2. Nicki says:

    @AwwRITE! – Thanks for those great tips! I’ve never tried Smashbox PhotoSet finishing powder or Guerlain Rouge G, but I do agree with you on everything else wholeheartedly! :-)

  3. DD says:

    I think I know where you’re coming from, however I don’t like the idea of trying to scare women from doing things that make them “appear older”. Your language is pretty harsh (we’re really not at war with our faces), and it seems that you’re young enough to still be living in fear of growing older. Seriously, anyone who refers to 30s as old is obviously in the throes of some kind of aging crisis.

    Now, I’m over thirty and have dark skin, so I’ll stick with black and dark brown liners when I feel like wearing them because they go well with my complexion. I have oily skin so it will be a long time before I leave matte formulas behind. My large pores (that I’ve had since I was a teen) make me very cautious of light reflecting particles on my face. I have large, full lips, and the loss of collegen to my lips is and will be minimal. I love to play up my lips and will continue to.

    I think on top of all of the “reasons” I’m allowing myself to break these rules, the fact is I like those things. I take care of my body and my skin, but most importantly I choose to feel good about myself. If that means a deep wine matte lipstick, so be it. Maybe feeling good about yourself no matter what is something that comes with age.

  4. Nicki says:

    @DD- That’s a valid point, and I certainly meant no offense or to be harsh in this post at all. I’ll be sure to watch that in the future. It’s just that, as I am approaching my 30s myself (I’ll be 28 in November), I’m more cognizant of what makes the most of my features and what does not. Perhaps I should have written the post from that angle rather than an ‘aging’ one; thanks for the info!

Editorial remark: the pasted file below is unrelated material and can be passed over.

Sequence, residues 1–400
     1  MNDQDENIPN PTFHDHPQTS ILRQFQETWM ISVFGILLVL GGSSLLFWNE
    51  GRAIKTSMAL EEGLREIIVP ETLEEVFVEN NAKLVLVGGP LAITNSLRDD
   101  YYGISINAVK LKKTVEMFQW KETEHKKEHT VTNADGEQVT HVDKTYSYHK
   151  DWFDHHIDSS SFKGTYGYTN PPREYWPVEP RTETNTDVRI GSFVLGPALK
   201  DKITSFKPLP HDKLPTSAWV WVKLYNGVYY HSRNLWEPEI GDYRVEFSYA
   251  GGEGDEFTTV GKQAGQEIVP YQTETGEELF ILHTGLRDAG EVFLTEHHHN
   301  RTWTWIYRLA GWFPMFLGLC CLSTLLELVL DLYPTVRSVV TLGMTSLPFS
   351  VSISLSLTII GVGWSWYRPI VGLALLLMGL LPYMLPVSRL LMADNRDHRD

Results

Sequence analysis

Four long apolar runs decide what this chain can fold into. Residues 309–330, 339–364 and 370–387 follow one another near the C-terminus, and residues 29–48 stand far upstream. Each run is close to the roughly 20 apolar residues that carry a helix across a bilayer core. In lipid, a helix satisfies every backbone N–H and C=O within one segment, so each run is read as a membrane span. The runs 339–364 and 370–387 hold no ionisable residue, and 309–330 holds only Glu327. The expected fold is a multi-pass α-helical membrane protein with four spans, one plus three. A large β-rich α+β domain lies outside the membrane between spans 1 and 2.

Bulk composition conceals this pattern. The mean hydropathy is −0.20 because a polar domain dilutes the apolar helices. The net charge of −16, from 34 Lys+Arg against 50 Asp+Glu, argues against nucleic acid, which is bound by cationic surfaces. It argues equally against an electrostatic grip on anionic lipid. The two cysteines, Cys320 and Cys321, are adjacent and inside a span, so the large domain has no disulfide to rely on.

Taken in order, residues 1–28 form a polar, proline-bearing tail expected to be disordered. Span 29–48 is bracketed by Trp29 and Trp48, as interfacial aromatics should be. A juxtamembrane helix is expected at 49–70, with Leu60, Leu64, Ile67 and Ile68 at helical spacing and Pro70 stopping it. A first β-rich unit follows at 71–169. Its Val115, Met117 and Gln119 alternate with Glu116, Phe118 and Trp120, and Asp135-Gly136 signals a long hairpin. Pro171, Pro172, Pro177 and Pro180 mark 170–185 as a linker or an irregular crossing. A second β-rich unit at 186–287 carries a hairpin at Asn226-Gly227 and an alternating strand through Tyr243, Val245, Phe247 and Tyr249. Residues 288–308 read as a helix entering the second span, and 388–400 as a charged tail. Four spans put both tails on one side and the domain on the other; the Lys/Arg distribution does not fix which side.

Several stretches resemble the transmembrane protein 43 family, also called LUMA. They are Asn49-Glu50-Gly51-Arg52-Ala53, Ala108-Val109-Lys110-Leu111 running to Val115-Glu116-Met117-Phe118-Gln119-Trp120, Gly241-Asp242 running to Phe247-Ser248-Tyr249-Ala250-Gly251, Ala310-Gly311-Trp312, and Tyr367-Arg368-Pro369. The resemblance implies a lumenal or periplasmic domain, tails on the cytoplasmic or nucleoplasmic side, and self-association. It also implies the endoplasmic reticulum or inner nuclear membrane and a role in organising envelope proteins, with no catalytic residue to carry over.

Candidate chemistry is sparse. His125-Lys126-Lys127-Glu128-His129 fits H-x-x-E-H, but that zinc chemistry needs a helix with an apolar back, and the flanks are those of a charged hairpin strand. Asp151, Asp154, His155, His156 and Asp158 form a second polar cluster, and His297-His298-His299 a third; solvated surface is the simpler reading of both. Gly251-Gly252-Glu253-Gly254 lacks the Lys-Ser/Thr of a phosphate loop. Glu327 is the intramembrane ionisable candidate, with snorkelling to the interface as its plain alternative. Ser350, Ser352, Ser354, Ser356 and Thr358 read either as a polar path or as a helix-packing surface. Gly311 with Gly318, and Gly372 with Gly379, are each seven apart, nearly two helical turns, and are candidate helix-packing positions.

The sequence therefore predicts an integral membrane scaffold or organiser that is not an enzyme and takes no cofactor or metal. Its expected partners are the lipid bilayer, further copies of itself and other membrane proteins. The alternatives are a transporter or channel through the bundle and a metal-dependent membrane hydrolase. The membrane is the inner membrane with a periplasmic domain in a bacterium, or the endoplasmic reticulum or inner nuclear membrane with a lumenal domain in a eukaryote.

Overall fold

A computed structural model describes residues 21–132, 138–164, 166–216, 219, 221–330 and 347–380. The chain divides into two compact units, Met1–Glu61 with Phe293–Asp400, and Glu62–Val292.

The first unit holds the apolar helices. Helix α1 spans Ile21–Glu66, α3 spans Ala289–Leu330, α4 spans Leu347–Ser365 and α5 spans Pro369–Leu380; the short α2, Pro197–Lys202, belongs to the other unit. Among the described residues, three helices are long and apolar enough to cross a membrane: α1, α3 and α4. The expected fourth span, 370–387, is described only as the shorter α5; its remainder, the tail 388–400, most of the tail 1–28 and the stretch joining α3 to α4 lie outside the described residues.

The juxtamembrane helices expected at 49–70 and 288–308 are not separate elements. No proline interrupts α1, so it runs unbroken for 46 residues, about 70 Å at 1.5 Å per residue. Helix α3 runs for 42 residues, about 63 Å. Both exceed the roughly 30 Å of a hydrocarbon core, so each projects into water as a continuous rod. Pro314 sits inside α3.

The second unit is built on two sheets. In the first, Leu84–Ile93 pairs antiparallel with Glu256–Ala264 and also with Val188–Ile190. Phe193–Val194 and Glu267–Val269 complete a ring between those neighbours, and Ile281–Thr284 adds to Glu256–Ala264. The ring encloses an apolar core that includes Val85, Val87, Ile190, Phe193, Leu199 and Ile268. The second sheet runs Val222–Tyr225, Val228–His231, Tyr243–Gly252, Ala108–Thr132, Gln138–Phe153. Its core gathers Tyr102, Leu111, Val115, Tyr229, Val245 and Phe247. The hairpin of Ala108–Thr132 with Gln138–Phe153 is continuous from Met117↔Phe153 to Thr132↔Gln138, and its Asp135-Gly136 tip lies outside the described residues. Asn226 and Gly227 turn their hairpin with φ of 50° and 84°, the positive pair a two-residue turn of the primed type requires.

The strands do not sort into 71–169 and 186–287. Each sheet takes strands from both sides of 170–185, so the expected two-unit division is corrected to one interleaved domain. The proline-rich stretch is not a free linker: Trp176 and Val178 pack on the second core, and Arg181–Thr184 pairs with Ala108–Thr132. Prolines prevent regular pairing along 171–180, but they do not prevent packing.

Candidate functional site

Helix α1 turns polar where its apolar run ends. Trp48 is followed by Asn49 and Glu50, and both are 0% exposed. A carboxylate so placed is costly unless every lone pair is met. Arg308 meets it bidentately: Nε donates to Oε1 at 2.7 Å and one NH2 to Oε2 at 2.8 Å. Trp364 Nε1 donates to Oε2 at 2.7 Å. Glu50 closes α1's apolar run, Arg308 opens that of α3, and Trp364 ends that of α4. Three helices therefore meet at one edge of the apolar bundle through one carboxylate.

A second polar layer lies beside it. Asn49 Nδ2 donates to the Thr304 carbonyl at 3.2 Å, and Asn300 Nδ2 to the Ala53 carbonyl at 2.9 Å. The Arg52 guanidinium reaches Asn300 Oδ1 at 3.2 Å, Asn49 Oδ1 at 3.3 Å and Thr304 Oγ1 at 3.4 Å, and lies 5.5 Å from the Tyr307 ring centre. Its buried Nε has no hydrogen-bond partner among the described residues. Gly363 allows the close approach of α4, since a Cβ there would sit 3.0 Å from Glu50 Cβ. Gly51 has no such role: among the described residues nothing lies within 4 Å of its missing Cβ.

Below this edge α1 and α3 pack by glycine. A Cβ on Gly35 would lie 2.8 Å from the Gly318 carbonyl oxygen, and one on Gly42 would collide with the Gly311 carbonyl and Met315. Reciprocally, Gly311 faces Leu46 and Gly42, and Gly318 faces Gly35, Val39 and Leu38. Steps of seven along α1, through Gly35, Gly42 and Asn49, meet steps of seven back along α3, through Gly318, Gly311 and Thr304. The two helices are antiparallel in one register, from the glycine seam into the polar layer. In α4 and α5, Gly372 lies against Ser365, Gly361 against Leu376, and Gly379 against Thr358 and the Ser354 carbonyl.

5. Kyra says:

    I totally agree with DD…it is really too extreme to say that in your thirties you should give up on black eyeliner!
    And losing collagen in your lips??? At thirty??????????????????
    Really?
    Maybe you’re talking about fifty…

  6. Nicki says:

    @Kyra – I’ll be sure to be more age-specific in the future, though I will say that there are some women in their 30s who sunbathed and/or used a lot of tanning beds in their teens and 20s and do have significant crow’s feet and loss of lip lines. This is more of an issue in more sunny areas, but you’re right, I will be more sensitive to age groups in the future.

  7. Hollis says: